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Medal entitlement of Sub Lieutenant Arthur Tisdall,
RNVR, Anson Bn, Royal Naval Division

  • Victoria Cross
  • 1914 Star + clasp "5th Aug-22 Nov 1914"
  • British War Medal ( 1914-20 )
  • Victory Medal ( 1914-19 ) + MiD Oakleaf

Mr. Francis Tisdall and Mrs. Violet Alcock, Tisdall's brother and sister, presented his VC and other medals to the HQ London Division RNR in a ceremony held on HMS 'President' on 28 April 1970. They were received by Rear Admiral Godfrey Place VC on behalf of the RNR. ( Without access to the London Division RNR archives it is unclear under what description the 'presentation' was made by Tisdall's brother and sister. Subsequent events would point towards some sort of 'loan' ).

In 1982 a decision was taken by the London Division RNR to loan the Tisdall VC group to the Royal Naval Museum in Portsmouth for safekeeping, the museum believing the owner of the VC to be the London Division RNR.

Towards the middle of 2004 the Royal Naval Museum received instructions that the Arthur Tisdall VC should be withdrawn from display and returned to the family, with an indication that the VC was to be sold privately. It was intended that original archive material that had been retained by the London Division RNR was to accompany the Victoria Cross. Whether this material was included in the sale is unclear. It is believed the sale of the Arthur Tisdall Victoria Cross, with the assistance of Spink of London, was made to a private collector of Royal Naval medals and took place sometime during the middle of 2004.

Arthur Tisdall won his Victoria Cross in a very isolated and anonymous manner whilst assisting with the landings from the SS River Clyde at V Beach, Seddul Bahr, Gallipoli.

Following the landings from SS 'River Clyde' on the 25th April 1915, Arthur Tisdall's platoon had carried out the supply duties that they were originally tasked with. On the 27th Tisdall had written "Have been under fire .... all day spent in burying soldiers. Some of my men killed. Plenty of hard work and enemy shells, and a smell of dead men". His courageous leadership, so evident on the first day, was plain for all to see. For five days the Anson Battalion, including Tisdall's platoon, helped to bolster the newly arrived French, while preparations were made for an advance on Achi Baba. On the 6th May 1915, whilst sheltering in an abandoned Turkish trench, Sub-Lieutenant Arthur Tisdall was shot in the chest by a sniper and died without gaining consciousness.

He was buried where he fell on the 7th May, the news reaching his father in Deal, Kent, three days later. But his actions would almost certainly have gone unrecognised had it not been for his parents' determined lobbying. Lt Cdr Wedgwood had mentioned 'Lieutenant Tisdall's gallant exploit' in a letter to Churchill two days after the landings. But, while many had witnessed his acts of selflessness, none had officially reported them, because of what Wedgwood called his 'anomalous position' as senior officer of a detached platoon.

In the weeks after his death his parents received many letters from officers and men describing their son's heroism. And when his name was not mentioned among those honoured for the V Beach landings they started asking questions: first of Edward Unwin, who had by then been awarded his VC, and then of more senior officers. Eventually, in late 1915, after letters had appeared in "The Times", Major General A. Paris ( GOC RN Division ) ordered an investigation and the result was a recommendation for a posthumous Victoria Cross. Writing in support of honouring Tisdall's actions, Charles Walker, a senior official at the Admiralty, commented:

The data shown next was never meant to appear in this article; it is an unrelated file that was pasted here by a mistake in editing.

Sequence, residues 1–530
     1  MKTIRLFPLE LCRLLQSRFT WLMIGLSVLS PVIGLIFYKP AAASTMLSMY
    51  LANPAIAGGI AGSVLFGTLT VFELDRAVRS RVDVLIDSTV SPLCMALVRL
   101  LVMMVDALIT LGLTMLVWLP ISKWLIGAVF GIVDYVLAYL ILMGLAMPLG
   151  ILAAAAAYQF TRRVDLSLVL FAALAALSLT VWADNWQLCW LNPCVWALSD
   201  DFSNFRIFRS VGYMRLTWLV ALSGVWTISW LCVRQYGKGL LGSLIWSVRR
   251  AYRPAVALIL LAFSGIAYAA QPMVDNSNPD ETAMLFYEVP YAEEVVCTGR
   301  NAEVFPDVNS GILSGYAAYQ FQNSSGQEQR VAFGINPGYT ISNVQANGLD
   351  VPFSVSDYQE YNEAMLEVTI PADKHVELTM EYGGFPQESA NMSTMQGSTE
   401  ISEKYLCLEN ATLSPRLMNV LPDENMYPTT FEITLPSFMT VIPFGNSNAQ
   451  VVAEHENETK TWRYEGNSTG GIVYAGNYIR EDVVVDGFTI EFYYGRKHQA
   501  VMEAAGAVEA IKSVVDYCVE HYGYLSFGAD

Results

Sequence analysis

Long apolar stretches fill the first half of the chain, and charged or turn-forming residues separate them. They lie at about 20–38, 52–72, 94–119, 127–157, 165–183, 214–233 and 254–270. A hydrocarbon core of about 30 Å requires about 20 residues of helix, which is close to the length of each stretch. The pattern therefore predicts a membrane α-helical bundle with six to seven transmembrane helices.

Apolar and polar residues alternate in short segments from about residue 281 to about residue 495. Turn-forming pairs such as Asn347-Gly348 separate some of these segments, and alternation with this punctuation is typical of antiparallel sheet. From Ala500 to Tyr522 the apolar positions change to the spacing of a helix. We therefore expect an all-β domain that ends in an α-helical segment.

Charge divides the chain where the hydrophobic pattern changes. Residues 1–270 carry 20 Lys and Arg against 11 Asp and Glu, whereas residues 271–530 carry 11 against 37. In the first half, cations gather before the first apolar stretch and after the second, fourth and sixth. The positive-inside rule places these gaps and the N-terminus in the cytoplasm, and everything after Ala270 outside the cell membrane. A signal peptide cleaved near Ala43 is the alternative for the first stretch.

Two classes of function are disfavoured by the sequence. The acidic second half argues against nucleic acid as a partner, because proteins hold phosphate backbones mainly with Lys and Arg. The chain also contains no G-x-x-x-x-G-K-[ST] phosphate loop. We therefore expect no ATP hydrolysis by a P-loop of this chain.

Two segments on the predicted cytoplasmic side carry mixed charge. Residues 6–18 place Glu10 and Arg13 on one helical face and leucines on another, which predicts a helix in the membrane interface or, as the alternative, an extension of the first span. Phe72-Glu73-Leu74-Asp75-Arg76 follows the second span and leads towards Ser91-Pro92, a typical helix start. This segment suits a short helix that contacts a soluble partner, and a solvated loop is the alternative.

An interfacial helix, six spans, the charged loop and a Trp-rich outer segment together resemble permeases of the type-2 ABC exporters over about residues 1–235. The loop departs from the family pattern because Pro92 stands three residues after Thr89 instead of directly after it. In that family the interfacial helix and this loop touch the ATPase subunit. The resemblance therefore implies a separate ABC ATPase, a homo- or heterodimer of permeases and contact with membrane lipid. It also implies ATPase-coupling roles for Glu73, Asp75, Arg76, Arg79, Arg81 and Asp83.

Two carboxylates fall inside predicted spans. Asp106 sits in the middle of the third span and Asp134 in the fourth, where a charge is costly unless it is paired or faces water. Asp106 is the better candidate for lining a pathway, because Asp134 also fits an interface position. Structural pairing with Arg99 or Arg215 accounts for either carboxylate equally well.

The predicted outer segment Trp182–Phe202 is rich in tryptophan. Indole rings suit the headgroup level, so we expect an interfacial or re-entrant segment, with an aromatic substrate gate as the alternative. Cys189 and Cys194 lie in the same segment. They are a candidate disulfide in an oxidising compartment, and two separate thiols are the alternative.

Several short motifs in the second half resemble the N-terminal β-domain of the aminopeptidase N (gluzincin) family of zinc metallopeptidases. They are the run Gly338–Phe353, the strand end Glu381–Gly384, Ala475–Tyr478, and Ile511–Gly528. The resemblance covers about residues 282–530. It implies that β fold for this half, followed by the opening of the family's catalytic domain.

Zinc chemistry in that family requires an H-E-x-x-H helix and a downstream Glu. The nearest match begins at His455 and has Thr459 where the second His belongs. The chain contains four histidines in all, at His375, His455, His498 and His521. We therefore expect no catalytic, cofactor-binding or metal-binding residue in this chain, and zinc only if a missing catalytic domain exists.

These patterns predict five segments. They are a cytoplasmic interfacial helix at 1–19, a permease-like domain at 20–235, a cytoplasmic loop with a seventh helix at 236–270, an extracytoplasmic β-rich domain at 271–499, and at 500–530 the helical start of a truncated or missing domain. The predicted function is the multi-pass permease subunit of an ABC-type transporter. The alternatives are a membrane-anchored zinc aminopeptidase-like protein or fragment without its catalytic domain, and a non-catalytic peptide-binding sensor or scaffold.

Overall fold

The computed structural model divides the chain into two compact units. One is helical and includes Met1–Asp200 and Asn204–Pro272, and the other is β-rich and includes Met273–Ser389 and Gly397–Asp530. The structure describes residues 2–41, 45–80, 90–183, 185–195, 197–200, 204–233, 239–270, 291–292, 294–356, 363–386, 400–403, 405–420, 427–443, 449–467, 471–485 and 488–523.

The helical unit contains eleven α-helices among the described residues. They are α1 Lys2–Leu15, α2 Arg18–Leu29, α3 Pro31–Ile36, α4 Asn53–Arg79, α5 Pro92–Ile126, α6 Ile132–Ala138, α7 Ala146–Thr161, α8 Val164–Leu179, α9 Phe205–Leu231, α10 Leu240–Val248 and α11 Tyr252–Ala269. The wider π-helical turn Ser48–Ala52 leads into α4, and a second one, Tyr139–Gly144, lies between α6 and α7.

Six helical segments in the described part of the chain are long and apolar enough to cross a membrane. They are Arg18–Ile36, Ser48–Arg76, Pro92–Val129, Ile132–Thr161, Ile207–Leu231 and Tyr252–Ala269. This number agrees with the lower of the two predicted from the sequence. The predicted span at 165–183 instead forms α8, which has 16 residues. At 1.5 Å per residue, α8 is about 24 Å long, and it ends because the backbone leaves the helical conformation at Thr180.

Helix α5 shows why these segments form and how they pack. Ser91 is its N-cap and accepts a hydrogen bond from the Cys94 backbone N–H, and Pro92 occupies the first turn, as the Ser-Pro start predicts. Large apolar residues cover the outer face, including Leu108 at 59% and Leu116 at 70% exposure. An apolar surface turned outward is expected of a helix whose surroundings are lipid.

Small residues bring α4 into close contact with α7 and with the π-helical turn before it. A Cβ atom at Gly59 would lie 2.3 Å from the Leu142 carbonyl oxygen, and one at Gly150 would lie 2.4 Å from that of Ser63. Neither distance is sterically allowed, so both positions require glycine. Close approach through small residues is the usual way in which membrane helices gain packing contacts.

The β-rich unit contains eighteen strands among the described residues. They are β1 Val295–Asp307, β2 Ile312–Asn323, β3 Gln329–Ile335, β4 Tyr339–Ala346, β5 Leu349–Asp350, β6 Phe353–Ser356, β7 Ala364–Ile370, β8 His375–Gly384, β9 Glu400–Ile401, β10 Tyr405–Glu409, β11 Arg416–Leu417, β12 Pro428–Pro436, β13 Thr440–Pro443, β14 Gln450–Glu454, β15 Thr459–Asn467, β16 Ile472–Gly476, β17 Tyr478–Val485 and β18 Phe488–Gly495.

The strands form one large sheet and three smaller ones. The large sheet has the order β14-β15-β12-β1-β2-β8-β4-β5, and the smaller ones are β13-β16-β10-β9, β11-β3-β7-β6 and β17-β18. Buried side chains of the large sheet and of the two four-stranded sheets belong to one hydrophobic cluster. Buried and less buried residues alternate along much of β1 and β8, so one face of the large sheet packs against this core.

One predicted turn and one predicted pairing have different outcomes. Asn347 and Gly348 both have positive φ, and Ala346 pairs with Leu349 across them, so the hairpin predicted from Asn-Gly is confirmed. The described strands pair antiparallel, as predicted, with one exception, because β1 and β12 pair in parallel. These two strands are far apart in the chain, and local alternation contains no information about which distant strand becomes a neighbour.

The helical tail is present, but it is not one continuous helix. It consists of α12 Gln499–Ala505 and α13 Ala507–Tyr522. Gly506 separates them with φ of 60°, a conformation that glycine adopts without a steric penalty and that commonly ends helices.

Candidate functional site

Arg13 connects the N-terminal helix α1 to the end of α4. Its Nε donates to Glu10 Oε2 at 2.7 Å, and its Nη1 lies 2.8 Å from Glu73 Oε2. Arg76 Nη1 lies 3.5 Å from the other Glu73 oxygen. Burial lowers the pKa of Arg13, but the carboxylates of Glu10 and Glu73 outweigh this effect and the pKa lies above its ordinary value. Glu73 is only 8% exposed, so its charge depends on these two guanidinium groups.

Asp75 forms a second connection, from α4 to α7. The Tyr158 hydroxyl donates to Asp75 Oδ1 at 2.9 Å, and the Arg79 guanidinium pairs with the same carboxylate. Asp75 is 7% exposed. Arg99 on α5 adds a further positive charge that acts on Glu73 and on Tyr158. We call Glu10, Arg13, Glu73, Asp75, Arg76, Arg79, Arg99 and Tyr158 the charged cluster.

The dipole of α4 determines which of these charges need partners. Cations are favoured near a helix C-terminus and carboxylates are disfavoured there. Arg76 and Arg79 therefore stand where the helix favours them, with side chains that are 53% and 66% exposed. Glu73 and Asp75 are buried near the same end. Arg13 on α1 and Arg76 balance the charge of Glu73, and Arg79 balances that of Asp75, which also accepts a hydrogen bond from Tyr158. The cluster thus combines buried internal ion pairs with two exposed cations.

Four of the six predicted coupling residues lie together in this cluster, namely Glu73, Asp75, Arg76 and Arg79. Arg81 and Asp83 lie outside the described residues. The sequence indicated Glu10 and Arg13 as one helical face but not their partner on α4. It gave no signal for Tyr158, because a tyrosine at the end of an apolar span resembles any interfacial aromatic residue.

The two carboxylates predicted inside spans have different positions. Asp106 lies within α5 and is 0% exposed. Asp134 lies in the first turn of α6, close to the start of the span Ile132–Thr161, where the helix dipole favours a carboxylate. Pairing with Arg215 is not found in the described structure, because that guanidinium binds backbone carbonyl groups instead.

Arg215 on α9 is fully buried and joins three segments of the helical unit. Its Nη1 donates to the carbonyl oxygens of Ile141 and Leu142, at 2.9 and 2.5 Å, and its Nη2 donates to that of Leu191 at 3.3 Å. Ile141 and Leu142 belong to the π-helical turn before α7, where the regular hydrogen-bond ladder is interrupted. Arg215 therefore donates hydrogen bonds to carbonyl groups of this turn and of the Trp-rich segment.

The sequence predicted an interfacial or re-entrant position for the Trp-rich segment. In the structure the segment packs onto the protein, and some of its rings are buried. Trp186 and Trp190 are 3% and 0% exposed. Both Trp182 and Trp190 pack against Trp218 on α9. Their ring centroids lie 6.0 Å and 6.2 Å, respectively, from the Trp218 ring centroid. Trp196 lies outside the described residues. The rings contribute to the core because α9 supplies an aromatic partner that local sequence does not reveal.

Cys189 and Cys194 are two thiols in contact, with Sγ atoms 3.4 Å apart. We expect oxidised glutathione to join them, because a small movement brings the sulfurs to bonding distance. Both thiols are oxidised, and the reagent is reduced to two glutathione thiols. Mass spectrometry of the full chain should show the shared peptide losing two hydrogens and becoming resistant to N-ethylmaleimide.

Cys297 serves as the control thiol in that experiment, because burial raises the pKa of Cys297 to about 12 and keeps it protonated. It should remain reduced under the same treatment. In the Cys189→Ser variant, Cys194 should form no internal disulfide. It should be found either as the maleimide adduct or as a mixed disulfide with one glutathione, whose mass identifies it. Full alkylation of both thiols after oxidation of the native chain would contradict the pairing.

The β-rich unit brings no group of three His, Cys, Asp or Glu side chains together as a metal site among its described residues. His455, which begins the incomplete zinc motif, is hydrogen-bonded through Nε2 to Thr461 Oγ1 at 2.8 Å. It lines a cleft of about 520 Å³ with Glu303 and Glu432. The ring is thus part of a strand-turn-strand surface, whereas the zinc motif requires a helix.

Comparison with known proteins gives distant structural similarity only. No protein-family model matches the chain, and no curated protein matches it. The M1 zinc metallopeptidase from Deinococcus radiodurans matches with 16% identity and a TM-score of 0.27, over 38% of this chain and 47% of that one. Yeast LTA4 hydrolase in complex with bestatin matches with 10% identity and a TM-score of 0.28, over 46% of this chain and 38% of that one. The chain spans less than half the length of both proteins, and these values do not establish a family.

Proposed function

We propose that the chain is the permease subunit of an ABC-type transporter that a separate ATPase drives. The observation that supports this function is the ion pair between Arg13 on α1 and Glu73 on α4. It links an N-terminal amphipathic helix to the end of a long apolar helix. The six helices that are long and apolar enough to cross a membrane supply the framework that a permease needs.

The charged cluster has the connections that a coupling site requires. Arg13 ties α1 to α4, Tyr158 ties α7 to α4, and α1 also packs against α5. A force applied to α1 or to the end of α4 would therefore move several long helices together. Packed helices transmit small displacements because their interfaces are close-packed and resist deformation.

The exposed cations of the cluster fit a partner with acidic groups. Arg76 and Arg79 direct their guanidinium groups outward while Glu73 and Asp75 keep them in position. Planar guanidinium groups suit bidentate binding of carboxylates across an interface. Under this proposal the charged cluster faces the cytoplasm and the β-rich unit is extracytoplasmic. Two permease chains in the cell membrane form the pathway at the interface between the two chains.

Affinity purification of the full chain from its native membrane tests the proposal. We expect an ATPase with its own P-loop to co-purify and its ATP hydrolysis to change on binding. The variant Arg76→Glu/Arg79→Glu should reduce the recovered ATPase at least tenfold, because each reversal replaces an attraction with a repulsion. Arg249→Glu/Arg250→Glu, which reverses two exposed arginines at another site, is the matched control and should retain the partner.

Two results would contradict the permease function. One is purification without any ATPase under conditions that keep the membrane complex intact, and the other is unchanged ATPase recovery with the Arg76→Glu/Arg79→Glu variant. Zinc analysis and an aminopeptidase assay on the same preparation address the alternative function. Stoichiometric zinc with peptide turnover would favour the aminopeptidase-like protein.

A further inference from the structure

"Many knew that an Officer of the Royal Naval Division had shown conspicuous bravery but hardly anyone seems to have known his name. If the story as pieced together had been represented at the time, doubtless rewards would have been given, possibly a VC to Sub Lieutenant Tisdall and CGMs to the other four men".

For the award of the Victoria Cross

[ London Gazette, 31 March 1916 ], V Beach, Gallipoli, Turkey, 25 April 1915, Sub-Lieutenant Arthur Walderne St Clair Tisdall, R.N.V.R. ( Anson Bn, Royal Naval Division ).

During the landing from the S.S. "River Clyde" at V Beach in the Gallipoli Peninsula on the 25th April 1915, Sub-Lieutenant Tisdall, hearing wounded men on the beach calling for assistance, jumped into the water and pushing a boat in front of him, went to their rescue. He was, however, obliged to obtain help and took with him on two trips Leading Seaman Malia and on other trips Chief Petty Officer Perring and Leading Seaman Curtiss and Parkinson. In all Sub-Lieutenant Tisdall made four or five trips between the ship and the shore, and was thus responsible for rescuing several wounded men under heavy and accurate fire.

Owing to the fact that Sub-Lieutenant Tisdall and the platoon under his orders were on detached service at the time, and that this Officer was killed in action on the 6th May, it has only now been possible to obtain complete information as to the individuals who took part in this gallant act. Of these, Leading Seaman Fred Curtiss has been missing since the 4th June 1915.

Although buried yards from where he fell, Arthur Tisdall's body was never recovered. His name is on the Helles Memorial, Gallipoli - Panel 8 - 15.

The following servicemen have been approved to receive the Conspicuous Gallantry Medal ( CGM ):

  • Chief Petty Officer ( now Sub-Lieutenant ) William Perring
  • Leading Seaman James Malia
  • Leading Seaman James Parkinson.

Medal entitlement of Leading Seaman James Parkinson,
RNVR, Anson Bn, Royal Naval Division

  • Conspicuous Gallantry Medal
  • 1914-15 Star
  • British War Medal ( 1914-20 )
  • Victory Medal ( 1914-19 )


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Iain Stewart, 29 March 2005